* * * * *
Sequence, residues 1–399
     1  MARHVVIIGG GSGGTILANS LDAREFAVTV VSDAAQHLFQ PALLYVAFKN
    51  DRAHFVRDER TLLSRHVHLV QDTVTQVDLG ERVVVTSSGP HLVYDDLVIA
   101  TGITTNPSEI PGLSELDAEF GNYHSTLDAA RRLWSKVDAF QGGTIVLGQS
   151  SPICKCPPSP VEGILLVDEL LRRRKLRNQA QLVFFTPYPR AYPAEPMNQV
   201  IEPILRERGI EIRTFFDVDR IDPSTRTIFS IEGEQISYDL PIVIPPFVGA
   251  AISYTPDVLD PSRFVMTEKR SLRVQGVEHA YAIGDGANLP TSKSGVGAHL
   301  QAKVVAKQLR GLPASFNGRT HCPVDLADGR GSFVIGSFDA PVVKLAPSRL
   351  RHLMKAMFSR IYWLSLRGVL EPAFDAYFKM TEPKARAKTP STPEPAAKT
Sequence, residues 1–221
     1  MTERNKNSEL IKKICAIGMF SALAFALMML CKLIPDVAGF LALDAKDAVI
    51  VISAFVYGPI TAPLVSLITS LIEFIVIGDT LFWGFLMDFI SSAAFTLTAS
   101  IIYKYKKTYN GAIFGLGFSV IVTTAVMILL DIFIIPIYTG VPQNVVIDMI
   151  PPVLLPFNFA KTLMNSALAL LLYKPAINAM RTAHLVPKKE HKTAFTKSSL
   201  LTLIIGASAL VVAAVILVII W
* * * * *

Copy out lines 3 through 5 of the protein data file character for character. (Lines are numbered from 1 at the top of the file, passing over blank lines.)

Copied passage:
    51  DRAHFVRDER TLLSRHVHLV QDTVTQVDLG ERVVVTSSGP HLVYDDLVIA
   101  TGITTNPSEI PGLSELDAEF GNYHSTLDAA RRLWSKVDAF QGGTIVLGQS
   151  SPICKCPPSP VEGILLVDEL LRRRKLRNQA QLVFFTPYPR AYPAEPMNQV